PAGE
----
The operation of assembly 10 will now be described in detail with reference to FIGS. 4-8. As discussed above with reference to FIG. 4, vial 64 is brought in proximity to piercer 16 such that protective seal 62 is pierced. This causes the piercer-extension assembly 17 to move distally as shown by the arrows in FIG. 4. As assembly 17 moves distally, conical section 82 also moves distally to form open path 86. The open path 86 is best shown in the cross-sectional view of FIG. 4A. The vial 64 is supported on assembly 10 by piercer 16 and flange 56. The assembly is positioned upright to cause the first protein component to surround apertures 13 on housing 12.
Water within water reservoir 20 is introduced into vial 64 by compressing water reservoir 20 using flanges 43 and 50 as shown by FIG. 5. Compression of water reservoir 20 forces the water to flow along the grooves 22 on the surface of tubular extension 18, through path 82, through apertures 13 and into vial 64. The assembly 10 is then shaken to thoroughly intermix the protein component with the water to form a protein solution. During mixing it is preferred that the assembly 10 is turned upside-down to prevent inadequately mixed solution from flowing to the reservoir 20.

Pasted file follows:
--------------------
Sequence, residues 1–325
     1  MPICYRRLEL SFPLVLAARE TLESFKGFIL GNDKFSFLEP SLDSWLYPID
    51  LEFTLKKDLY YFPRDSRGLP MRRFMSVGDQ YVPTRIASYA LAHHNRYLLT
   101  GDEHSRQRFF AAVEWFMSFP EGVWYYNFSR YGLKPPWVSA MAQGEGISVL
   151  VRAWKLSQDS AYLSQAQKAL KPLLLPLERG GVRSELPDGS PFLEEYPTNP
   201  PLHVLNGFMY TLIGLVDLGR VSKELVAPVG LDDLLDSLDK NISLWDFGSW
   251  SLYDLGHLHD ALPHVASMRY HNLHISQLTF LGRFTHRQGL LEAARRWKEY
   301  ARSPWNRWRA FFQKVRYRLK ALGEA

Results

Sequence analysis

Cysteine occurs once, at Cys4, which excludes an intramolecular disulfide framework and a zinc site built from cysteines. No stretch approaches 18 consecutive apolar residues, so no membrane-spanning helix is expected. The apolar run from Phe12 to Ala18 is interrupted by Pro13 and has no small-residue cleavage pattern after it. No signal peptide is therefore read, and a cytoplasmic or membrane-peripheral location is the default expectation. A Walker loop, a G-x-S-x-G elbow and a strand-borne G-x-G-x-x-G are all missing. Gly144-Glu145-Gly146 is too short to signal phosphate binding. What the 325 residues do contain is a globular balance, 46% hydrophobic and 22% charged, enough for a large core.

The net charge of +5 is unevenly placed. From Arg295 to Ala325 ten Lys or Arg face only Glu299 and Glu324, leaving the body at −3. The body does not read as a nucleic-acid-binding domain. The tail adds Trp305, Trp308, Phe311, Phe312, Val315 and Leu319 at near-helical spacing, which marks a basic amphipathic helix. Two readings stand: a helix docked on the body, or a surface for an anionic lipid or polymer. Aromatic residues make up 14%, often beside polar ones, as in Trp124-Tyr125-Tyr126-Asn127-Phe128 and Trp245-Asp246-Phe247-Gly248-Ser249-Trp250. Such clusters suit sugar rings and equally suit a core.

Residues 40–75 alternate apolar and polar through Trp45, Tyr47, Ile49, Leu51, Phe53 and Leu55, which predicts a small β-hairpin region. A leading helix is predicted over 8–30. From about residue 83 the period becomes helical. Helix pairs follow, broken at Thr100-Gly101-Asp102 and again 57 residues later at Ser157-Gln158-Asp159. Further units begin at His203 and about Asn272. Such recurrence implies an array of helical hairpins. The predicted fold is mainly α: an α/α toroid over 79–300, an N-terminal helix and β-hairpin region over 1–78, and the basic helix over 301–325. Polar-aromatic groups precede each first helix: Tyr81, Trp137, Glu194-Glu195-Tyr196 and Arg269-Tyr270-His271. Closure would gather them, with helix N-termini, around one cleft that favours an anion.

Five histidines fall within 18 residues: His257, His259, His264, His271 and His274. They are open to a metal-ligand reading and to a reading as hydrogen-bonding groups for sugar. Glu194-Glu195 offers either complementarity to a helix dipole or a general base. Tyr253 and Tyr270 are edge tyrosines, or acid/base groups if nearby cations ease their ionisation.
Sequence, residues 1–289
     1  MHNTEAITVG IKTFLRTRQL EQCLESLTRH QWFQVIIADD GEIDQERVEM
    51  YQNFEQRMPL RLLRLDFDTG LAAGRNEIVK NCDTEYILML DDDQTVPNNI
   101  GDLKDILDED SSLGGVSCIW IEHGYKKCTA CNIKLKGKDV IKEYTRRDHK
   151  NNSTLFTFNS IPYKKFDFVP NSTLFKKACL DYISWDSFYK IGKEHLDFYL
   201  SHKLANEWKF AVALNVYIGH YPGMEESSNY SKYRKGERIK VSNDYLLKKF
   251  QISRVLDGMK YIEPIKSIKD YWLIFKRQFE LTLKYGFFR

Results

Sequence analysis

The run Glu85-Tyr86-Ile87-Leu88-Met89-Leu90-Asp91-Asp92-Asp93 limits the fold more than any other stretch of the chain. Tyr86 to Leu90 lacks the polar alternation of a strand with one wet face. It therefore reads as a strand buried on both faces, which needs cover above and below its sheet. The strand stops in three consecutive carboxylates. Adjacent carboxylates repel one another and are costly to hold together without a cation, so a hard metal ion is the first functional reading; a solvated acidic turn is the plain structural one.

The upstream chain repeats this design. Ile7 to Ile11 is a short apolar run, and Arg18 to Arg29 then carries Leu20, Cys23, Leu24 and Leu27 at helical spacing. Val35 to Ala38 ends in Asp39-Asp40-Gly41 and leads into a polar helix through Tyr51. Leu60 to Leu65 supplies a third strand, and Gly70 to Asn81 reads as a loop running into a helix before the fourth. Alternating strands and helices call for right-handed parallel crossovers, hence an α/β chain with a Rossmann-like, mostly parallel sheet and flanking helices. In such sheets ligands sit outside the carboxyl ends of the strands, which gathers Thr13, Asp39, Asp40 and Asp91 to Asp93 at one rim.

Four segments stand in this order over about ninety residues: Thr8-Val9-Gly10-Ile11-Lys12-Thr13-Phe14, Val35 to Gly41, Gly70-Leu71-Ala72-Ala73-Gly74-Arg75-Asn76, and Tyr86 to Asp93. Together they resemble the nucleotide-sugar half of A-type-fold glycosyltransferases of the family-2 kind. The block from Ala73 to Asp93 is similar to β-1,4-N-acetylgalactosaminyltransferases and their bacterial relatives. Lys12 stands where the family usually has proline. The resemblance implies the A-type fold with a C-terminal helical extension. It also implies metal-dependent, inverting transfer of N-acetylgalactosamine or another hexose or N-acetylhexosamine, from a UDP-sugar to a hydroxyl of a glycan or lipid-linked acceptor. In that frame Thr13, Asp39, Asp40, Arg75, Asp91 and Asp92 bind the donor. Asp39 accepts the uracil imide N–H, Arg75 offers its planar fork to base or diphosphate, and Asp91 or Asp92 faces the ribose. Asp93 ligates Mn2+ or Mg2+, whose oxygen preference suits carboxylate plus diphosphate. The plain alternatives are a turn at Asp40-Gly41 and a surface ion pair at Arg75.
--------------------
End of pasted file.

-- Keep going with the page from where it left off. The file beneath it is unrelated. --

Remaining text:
With reference to FIG. 6, the protein solution within vial 64 is transferred to water reservoir 20 by flowing through apertures 13, through path 82, along tubular extension 18 and into water reservoir 20. When the solution has been transferred to reservoir 20, the vial 64 is removed causing the piercer-tubular extension assembly 17 to move proximally thereby also causing conical section 82 to move proximally to close off path 86 as shown by FIG. 7.
With continued reference to FIG. 7, the solution is dispensed via dispensing assembly 46 by compressing reservoir 20 by grasping flanges 43 and 50. Compression of reservoir 20 causes rod 74 to move distally creating open path 88. The solution thus flows through open path 88 as shown by the enlarged view of FIG. 8 and through dispensing needle 48.